My mother has run the Boston marathon 3 times and claims the world’s problems can be worked through while out on a run. Turns out, that’s not entirely realistic. While I can come up with myriad solutions on the road or trail, I rarely feel empowered to act on them, because why bother? I’m just one person in a huge, complex, multilayered system.
For instance, right now, most of the Supreme Court is conservative, and they’ll going to become even more so. Justice Kennedy is retiring, and the Trump administration will pick a much more conservative replacement. In the coming years, this more conservative court will work toward destroying Roe v. Wade, the decision that keeps abortion legal in the U.S.
Sometimes I think about what I might do under those circumstances; I imagine volunteering for a local Planned Parenthood, or living out some pre-Handmaid’s Tale fiction where I help facilitate safe, secret abortions to those who need them. But those thoughts are far-fetched, and don’t actually address the gradual erosion of women’s ability to make choices about their own bodies.
This feeling, that resistance is futile, is a symptom of something called learned helplessness. In its most extreme form, learned helplessness means accepting pain or suffering as unavoidable—that you can’t control your situation. I’ve been feeling it quite often lately in the face of what our country’s leaders are doing, and I really, really don’t like it. It feels like a weight on my chest, or an itch that won’t go away.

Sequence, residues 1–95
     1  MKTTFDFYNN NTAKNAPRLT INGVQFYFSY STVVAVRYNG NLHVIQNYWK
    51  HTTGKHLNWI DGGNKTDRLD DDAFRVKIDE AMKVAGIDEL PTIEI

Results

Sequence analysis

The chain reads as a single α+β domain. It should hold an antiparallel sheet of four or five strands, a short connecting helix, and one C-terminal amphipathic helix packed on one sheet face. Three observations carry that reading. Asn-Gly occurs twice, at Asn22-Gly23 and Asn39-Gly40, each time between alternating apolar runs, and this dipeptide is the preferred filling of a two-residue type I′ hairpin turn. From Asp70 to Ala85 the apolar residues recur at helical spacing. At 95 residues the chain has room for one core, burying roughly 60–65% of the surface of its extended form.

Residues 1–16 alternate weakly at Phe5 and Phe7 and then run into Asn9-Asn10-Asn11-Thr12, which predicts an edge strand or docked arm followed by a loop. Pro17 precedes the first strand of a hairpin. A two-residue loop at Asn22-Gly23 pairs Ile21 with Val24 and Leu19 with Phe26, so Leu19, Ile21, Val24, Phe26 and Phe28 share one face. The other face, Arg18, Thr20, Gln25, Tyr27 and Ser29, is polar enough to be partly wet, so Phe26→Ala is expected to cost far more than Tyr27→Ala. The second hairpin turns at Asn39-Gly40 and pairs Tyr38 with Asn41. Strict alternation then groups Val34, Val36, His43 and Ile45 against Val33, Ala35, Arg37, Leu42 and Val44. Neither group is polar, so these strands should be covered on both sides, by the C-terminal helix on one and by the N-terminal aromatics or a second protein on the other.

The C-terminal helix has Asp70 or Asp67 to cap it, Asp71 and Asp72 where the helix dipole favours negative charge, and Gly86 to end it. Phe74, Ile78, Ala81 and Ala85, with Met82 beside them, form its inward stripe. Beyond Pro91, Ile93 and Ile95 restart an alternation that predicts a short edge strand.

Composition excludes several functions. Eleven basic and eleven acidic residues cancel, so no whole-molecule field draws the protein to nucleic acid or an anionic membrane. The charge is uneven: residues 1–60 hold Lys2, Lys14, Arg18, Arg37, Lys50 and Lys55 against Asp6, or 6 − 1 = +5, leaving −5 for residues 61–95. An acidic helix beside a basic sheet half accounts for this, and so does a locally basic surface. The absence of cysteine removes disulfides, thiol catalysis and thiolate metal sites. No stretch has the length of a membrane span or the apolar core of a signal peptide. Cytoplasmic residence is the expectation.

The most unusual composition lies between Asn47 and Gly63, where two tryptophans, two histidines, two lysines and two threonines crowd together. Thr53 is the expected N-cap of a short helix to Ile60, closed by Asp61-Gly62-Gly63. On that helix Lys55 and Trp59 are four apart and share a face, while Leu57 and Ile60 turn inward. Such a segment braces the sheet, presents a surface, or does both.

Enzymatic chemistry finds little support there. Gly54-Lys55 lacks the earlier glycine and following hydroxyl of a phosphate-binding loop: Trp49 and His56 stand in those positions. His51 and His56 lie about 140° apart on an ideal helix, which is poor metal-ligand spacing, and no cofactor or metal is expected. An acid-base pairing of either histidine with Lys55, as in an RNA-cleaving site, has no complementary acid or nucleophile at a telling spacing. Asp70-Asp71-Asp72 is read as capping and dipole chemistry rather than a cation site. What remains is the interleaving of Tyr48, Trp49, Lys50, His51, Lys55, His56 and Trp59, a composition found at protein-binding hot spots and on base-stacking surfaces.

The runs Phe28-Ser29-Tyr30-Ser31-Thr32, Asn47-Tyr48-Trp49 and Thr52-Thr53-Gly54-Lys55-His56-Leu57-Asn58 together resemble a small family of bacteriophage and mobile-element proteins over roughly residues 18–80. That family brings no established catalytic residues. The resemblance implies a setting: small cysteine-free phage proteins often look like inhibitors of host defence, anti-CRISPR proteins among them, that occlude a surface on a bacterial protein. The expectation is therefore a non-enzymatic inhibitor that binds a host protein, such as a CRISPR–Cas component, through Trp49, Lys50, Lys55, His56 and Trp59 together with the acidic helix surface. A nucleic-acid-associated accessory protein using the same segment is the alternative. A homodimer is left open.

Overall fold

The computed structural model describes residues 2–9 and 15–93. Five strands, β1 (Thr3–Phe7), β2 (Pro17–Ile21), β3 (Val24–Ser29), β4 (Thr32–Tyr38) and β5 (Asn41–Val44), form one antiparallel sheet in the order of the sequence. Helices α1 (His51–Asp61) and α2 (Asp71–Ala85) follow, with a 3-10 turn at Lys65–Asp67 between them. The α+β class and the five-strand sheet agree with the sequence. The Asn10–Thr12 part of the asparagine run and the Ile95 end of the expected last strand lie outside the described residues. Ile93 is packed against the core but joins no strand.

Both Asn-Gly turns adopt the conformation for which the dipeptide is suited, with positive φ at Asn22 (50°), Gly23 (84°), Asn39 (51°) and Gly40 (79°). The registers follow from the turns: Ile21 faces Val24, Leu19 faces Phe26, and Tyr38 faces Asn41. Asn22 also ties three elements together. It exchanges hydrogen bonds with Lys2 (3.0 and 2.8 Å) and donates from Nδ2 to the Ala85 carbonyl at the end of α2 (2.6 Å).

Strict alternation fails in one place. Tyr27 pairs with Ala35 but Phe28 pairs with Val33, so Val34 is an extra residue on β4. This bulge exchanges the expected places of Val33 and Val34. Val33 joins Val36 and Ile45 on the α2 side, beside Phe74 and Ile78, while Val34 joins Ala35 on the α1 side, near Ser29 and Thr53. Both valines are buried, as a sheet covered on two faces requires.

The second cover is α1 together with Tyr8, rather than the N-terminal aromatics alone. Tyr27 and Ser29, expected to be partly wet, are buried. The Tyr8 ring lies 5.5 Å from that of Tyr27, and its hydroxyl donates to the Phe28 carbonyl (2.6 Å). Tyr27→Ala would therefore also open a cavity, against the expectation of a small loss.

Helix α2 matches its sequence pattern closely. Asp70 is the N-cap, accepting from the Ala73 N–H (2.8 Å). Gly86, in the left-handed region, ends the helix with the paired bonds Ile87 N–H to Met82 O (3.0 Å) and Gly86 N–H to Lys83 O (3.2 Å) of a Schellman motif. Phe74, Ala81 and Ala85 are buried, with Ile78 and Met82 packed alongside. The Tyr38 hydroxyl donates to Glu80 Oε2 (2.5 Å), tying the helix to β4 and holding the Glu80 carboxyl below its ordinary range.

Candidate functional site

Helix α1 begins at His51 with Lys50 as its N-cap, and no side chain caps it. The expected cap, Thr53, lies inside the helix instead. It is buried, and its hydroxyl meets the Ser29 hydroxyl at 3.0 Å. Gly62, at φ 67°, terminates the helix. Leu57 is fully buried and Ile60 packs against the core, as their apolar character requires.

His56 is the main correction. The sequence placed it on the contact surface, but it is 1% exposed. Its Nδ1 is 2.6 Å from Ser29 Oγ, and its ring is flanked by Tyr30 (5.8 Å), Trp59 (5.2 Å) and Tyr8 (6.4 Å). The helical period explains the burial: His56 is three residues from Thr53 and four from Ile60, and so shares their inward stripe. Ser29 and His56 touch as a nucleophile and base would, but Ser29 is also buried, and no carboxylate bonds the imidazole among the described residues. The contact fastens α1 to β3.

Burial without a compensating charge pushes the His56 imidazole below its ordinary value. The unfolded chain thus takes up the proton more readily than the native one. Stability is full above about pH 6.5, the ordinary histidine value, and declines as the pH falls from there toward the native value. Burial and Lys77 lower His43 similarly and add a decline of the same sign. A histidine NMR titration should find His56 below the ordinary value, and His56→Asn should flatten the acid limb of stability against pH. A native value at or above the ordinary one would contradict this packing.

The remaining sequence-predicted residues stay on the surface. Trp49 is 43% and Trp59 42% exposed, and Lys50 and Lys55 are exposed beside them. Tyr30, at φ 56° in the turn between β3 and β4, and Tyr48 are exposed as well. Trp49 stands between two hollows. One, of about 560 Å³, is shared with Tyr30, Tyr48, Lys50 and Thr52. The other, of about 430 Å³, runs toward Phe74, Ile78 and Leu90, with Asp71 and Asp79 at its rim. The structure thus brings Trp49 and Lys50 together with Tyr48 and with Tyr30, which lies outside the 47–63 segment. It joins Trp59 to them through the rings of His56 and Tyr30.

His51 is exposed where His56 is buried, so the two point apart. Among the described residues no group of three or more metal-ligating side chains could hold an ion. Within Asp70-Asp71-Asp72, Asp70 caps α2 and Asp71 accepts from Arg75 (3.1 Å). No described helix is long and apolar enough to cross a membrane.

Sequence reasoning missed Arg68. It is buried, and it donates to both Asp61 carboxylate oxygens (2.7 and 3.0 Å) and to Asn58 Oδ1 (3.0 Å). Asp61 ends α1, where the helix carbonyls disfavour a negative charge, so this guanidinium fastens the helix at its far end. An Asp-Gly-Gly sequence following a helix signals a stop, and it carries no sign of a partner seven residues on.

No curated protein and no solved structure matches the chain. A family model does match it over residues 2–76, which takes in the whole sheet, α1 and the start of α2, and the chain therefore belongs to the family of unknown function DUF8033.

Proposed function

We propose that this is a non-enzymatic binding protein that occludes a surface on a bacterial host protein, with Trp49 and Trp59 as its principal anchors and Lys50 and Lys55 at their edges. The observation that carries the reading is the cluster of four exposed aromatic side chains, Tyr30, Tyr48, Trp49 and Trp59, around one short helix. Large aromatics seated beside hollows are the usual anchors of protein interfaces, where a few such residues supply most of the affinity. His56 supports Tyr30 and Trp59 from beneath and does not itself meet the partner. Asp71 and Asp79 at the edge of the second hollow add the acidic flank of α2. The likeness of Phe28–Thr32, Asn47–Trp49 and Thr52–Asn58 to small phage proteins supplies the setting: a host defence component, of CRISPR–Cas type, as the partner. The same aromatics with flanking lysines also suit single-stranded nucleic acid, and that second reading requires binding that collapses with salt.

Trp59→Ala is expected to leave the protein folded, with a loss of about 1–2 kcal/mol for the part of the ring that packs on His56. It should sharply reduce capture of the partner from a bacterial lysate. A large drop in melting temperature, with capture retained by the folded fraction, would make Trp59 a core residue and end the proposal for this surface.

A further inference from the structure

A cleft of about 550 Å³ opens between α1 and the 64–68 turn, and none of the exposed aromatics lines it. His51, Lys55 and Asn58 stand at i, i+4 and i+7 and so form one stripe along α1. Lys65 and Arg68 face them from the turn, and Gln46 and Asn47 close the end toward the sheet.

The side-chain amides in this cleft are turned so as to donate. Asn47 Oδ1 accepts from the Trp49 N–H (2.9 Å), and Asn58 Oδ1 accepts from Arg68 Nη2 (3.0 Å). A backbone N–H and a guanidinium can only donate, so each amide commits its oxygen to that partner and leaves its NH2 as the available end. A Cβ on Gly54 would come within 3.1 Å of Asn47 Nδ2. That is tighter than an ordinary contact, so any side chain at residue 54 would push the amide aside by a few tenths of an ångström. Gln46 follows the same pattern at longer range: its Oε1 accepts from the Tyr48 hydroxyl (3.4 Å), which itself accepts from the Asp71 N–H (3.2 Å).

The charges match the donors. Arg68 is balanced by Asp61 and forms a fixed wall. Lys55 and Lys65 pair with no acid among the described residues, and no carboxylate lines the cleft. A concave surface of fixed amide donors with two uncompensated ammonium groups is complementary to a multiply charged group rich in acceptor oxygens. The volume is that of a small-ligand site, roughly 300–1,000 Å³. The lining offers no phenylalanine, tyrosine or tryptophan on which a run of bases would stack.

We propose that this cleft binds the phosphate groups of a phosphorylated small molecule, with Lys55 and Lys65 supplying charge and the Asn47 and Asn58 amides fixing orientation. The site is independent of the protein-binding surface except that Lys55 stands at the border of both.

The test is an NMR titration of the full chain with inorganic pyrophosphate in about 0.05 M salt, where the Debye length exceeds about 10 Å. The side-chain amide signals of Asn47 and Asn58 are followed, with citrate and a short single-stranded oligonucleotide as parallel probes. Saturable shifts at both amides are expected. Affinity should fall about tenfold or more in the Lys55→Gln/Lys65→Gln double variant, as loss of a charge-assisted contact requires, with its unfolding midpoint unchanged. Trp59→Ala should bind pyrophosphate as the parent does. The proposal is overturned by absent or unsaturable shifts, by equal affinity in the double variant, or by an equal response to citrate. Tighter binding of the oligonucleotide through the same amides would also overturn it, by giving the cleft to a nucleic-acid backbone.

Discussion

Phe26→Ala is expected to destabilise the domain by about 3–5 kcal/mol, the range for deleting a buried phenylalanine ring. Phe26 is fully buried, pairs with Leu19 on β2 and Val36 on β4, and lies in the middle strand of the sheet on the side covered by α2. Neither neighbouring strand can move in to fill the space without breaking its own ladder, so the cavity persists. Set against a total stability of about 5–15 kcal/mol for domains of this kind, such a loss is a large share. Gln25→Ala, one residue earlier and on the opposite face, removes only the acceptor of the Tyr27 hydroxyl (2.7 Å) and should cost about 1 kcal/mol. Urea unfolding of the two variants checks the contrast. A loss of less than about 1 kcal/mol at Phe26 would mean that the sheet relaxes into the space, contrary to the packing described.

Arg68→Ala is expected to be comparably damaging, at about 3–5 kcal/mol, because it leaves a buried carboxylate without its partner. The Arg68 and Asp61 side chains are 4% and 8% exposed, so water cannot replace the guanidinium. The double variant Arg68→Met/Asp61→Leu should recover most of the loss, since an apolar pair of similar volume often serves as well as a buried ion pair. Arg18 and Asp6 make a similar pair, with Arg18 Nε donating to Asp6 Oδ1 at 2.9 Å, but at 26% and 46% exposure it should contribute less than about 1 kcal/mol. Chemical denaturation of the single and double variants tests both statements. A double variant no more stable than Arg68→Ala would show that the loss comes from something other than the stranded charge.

So how do you combat learned helplessness? Well, it has a proposed opposite: learned optimism. In theory, learned optimism takes practice, because it involves fighting against helplessness and willfully pushing past the circumstances that make you feel helpless in the first place.
What this means is, find a way to ACT. Act often, act big, act small. The most overwhelming feeling is standing in one place while the world moves all around you, and the first step towards overcoming your learned helplessness is to make even the smallest gesture of protest. Your gesture doesn’t have to be grand—protests and yelling in the faces of politicians can be something you work up to, if you want. But if you’re feeling helpless, try this easy, almost anonymous step: vote.
It’s easy, I promise. You may need to dedicate a few moments of your day, but it doesn’t take very long. Just find out how to vote in your state—we’ve made it easy for you—and then walk, drive, bike, or hitch a ride out the door. Get there, and take a stand against what you think is wrong, or for what you think is right. Your baby steps towards overcoming learned helplessness might start here, and maybe that’s where it ends—but voting will let you make your voice heard, and you will be counted. Vote.